Hybrid Flow Batteries for Stationary Energy Storage | AIChE

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Hybrid Flow Batteries for Stationary Energy Storage

May
2020

Flow batteries offer performance, safety, and cost advantages over Li-ion batteries for large-scale stationary applications. An innovative hybrid flow battery design could help challenge Li-ion market dominance and enable massive renewable-energy penetration.

Renewable energy is one of the most powerful tools in the fight against climate change. The United Nations’ Intergovernmental Panel on Climate Change (IPCC) has set a goal to limit global temperature rise to 1.5°C. Meeting this goal, however, will require increasing the share of renewable electricity generation to 63–81% by 2050 (under various climate mitigation scenarios) (1).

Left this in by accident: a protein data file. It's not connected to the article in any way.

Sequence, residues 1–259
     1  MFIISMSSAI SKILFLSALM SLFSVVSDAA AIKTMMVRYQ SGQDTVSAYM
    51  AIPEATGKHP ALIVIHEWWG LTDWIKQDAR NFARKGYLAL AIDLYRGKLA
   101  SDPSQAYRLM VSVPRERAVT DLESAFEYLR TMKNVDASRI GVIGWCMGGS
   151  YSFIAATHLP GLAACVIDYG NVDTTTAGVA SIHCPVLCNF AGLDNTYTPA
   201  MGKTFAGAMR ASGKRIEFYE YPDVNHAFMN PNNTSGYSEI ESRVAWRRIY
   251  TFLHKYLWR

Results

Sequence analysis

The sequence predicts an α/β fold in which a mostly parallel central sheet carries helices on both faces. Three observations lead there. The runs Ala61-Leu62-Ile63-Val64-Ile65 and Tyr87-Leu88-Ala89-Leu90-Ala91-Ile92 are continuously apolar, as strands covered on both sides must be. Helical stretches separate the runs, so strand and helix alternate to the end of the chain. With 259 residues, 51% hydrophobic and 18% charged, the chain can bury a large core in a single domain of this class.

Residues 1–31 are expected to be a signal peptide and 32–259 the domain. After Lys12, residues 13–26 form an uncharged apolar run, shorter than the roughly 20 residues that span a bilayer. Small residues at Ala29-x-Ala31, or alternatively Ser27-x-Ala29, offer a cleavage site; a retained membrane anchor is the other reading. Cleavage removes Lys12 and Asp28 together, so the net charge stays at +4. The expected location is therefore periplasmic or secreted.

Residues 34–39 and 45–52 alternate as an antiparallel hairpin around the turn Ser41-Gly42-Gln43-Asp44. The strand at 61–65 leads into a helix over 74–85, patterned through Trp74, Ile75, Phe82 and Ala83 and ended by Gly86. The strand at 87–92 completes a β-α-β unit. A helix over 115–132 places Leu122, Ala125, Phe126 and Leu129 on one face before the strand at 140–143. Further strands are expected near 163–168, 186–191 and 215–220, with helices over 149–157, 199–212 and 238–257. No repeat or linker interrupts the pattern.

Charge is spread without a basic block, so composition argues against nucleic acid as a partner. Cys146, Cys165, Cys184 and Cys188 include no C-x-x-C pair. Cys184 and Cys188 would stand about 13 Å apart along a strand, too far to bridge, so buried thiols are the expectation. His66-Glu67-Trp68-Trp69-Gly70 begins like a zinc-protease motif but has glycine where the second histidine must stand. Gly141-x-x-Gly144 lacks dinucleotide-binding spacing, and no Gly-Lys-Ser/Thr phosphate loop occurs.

Wind and solar have experienced remarkable growth in the past decade due to favorable government policies, such as renewable portfolio standards, and a dramatic reduction in technology costs. Driven by technology and manufacturing improvements, the price of solar photovoltaics (PV) has dropped 89% since 2010 and is expected to decline another 34% by 2030 (2). Because of the falling prices of renewable generation, the U.S. Energy Information Administration (EIA) projects that electricity generation from renewable sources, such as wind and solar, will surpass nuclear and coal by 2021 and become the leading source of electricity in the U.S. by 2045 (3).

The centralized electric grid architecture will need to adapt to integrate these technologies. The variability in daily and seasonal electricity generation from renewables and the distributed nature of solar and wind installations are major factors to be considered. Energy storage will play a vital role in enabling 24/7 availability of renewable energy and a stable electric grid.

To increase the use of renewable energy sources, it is critical to find safe and economical methods to store solar and wind energy for use after the sun sets and when the wind is not blowing.

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